A: The fashion industry, in general, has been the worst in accepting the fact that they actually need to pay people for work. In general, I have been very strong opponent of students doing free work for the sake of getting some kind of industry exposure. At the Ullman School of Design, we are actively working on changing this industry behavior with the companies we work with, and we are making some progress. Also, we keep trying to secure scholarships, stipends and other kind of support for students in financial distress. In any case, my advice is that you shouldn’t just give away your time for someone else to profit from your work. That’s not a work experience; that’s exploitation. If you do need to gain some unpaid work experience, at least donate your time and skills to a good cause, rather than you to do commercial work for free.


Q: I know everyone's really proud of the work that we've accomplished this year with SFI, and going forward with the alternating Co-Op schedules is going to be challenging. How do you see faculty across the board helping to keep this initiative going?


A: This is a work in progress. The SFI was a pilot project and we were fortunate to have Liz Ricketts, as an external advisor, driving this project forward. The whole project was funded by a donor, privately, which is what enabled us to do this in the first place. At the moment, I'm still having conversations with Liz about how we can continue with this initiative and we are already exploring some ideas. But this is a long-term initiative and I still need to try and find ways to move things forward, both with the faculty and financially. However, I strongly believe that the success of this initiative depends more on the students than on the faculty members. If there is a strong interest from the students in exploring this topic further, then we will certainly find ways to keep this initiative alive.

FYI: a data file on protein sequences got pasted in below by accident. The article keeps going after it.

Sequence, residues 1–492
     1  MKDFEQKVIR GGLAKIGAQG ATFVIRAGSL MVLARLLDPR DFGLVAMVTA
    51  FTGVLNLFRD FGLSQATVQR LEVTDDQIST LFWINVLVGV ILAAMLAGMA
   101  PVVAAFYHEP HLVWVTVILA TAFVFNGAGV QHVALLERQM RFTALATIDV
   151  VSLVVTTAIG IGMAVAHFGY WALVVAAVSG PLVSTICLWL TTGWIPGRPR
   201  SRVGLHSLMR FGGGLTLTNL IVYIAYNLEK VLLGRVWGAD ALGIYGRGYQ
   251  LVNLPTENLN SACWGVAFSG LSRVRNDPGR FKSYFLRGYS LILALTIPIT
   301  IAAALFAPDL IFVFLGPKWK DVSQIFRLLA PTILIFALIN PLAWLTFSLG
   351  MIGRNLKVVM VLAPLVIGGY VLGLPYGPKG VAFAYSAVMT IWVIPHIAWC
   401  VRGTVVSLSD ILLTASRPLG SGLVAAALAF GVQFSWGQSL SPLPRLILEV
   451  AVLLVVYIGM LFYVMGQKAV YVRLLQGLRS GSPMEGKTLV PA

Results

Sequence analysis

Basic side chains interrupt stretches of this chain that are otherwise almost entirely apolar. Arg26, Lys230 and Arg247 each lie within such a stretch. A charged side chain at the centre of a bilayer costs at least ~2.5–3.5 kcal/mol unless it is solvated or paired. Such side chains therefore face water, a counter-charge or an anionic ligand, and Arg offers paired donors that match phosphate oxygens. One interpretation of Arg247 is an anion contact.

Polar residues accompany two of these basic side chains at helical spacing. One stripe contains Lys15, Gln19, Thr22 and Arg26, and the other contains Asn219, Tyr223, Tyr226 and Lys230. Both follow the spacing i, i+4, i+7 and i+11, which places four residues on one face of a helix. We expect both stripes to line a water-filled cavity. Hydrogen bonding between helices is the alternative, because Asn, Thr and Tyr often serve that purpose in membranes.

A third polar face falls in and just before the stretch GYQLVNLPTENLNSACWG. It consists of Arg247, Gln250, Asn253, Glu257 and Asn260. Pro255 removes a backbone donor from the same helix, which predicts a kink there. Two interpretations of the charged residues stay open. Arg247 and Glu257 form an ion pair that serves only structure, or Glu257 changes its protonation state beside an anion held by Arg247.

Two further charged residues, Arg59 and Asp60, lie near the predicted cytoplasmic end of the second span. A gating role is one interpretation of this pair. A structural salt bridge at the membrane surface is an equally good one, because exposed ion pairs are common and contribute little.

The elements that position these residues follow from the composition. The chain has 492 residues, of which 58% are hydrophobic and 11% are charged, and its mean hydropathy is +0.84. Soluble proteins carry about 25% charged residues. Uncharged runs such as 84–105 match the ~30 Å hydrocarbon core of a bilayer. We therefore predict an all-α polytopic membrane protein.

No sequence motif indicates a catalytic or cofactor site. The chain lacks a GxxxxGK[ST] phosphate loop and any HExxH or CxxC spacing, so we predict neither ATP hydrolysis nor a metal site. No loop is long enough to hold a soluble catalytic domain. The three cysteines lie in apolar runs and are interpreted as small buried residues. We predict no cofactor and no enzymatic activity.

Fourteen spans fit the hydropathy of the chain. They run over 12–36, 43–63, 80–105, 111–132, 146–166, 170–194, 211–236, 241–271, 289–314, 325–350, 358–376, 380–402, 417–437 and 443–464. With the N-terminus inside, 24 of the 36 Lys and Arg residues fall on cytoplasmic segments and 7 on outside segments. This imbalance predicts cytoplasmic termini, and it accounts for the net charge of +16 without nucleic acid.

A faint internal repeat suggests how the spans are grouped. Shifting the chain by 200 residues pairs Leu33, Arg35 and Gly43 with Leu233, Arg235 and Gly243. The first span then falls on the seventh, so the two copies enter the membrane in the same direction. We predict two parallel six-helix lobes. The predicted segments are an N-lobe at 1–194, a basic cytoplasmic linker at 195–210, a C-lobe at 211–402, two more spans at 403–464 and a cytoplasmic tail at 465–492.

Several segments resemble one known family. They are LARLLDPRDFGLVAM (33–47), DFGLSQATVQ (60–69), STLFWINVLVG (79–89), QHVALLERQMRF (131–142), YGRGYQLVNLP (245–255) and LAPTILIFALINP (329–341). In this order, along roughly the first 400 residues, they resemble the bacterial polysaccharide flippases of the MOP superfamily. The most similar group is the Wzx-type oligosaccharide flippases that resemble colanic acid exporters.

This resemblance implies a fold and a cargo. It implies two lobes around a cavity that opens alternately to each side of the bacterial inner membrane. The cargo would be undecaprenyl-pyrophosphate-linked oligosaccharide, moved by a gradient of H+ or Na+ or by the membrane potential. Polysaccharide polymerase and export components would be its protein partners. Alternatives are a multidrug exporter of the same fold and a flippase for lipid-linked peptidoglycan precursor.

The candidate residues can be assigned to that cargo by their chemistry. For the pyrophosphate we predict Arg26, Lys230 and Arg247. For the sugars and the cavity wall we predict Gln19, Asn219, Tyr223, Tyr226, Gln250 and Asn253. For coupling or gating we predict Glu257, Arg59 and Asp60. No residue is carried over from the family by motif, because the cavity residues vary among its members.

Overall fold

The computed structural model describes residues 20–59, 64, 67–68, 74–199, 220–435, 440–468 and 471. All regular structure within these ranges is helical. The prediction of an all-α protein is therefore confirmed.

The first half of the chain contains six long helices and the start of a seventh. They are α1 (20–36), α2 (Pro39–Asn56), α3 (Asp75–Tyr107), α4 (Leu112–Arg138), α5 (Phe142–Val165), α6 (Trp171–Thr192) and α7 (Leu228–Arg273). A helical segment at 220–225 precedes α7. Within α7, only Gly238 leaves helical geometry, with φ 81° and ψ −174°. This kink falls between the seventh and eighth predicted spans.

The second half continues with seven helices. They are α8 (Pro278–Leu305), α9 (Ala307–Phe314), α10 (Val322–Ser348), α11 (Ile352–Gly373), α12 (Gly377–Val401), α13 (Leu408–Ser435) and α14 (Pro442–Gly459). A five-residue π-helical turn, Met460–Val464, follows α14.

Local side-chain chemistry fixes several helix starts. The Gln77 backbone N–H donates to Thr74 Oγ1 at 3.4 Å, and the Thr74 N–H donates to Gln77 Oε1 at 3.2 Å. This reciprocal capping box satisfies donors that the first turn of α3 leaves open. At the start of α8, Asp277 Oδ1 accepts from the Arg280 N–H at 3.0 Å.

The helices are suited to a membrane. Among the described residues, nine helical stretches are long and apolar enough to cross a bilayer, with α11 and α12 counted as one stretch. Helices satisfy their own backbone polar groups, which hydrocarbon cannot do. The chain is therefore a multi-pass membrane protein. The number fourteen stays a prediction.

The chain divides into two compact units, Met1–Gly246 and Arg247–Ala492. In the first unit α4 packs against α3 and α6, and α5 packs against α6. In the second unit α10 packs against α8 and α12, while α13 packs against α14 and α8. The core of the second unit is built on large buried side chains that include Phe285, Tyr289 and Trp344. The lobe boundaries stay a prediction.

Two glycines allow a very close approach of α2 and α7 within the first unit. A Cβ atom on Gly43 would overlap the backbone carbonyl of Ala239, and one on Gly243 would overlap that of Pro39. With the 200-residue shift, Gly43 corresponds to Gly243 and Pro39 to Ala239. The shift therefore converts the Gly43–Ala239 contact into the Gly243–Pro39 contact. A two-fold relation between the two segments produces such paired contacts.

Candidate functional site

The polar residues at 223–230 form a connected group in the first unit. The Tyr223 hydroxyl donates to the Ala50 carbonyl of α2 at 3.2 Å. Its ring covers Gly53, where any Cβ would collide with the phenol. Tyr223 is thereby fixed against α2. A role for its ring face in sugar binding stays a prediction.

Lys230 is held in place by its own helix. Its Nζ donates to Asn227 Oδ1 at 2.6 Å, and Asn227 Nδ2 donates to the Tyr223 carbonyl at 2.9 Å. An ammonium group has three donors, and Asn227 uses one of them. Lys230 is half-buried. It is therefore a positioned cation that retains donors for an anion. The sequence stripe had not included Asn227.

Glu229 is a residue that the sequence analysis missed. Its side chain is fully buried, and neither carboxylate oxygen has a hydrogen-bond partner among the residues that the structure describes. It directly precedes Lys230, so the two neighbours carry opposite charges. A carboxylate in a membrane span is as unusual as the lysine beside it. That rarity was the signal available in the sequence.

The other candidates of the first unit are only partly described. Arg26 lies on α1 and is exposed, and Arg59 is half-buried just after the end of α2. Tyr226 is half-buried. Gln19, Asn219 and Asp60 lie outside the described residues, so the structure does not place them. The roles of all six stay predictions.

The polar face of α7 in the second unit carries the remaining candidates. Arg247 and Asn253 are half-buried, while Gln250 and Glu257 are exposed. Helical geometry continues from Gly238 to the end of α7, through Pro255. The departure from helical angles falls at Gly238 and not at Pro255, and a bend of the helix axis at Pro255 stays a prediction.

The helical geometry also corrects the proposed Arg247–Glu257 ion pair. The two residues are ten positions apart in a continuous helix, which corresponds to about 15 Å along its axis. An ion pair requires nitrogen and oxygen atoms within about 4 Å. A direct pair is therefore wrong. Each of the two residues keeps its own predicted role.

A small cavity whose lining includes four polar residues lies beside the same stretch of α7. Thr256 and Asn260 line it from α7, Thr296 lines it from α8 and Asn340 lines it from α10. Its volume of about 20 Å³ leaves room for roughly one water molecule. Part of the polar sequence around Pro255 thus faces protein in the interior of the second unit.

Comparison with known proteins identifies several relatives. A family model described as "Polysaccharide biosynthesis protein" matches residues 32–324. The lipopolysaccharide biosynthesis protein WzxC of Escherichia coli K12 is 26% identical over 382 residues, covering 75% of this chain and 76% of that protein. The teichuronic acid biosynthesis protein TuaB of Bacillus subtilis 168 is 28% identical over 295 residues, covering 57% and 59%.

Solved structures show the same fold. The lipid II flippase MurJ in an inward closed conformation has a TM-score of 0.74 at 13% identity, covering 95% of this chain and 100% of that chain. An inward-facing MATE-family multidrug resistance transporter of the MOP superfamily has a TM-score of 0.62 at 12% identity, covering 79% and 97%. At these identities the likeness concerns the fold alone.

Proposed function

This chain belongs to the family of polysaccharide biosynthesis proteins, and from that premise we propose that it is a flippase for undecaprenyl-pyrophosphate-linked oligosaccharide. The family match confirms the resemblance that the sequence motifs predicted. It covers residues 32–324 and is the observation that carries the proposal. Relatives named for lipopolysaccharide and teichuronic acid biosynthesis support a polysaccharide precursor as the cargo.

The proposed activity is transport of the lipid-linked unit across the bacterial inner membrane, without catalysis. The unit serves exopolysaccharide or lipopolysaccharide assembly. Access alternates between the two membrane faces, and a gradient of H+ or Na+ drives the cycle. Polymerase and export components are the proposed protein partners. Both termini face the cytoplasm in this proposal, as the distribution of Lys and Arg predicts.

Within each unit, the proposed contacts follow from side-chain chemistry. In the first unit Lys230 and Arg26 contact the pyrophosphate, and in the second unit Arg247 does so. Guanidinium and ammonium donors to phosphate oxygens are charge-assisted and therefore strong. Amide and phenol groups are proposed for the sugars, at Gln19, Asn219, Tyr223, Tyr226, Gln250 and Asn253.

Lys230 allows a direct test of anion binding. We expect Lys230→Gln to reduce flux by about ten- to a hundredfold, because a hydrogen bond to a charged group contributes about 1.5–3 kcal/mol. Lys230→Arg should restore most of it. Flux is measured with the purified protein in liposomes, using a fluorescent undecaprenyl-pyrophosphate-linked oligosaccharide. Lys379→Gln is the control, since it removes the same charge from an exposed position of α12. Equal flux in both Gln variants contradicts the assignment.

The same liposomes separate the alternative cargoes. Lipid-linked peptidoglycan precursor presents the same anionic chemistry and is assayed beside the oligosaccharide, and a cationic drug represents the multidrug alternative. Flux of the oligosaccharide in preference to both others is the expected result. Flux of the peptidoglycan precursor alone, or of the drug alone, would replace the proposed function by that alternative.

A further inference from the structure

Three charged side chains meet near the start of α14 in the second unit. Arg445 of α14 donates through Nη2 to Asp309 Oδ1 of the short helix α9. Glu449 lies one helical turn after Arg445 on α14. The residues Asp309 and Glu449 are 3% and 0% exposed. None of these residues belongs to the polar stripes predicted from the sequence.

What you need to do is to remember that when you go to a class you don’t need anyone to tell you to design with sustainability in mind. That’s on you. You can always do your work in the most sustainable way possible. You don’t need a professor to tell you to do that. How you will approach your projects is entirely your call. And you will certainly not be told off for working sustainably. In fact, quite the opposite - you will be commended for that.


"When you go to a class you don’t need anyone to tell you to design with sustainability in mind. That’s on you. You can always do your work in the most sustainable way possible."

A final note:


While we can’t fix the fashion industry in a day, with the leadership of SFI and the desire of students to adhere to sustainable lifestyle choices we can start planting the seeds for a more ethically sound enterprise in the future.


Good luck to everyone on Co-Op next semester, please share the information you have acquired with others in the industry. Additionally, for all of those at DAAP this spring, continue to spread the word and create projects with sustainability in mind.